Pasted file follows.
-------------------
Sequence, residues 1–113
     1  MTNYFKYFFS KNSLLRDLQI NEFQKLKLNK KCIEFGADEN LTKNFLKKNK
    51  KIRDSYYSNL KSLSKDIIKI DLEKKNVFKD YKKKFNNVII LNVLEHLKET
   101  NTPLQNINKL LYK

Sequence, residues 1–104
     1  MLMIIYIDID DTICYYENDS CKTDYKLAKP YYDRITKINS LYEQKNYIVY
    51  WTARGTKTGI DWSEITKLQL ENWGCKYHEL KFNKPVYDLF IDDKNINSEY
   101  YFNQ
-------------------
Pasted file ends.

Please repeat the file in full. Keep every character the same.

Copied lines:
Sequence, residues 1–113
     1  MTNYFKYFFS KNSLLRDLQI NEFQKLKLNK KCIEFGADEN LTKNFLKKNK
    51  KIRDSYYSNL KSLSKDIIKI DLEKKNVFKD YKKKFNNVII LNVLEHLKET
   101  NTPLQNINKL LYK

Sequence, residues 1–104
     1  MLMIIYIDID DTICYYENDS CKTDYKLAKP YYDRITKINS LYEQKNYIVY
    51  WTARGTKTGI DWSEITKLQL ENWGCKYHEL KFNKPVYDLF IDDKNINSEY
   101  YFNQ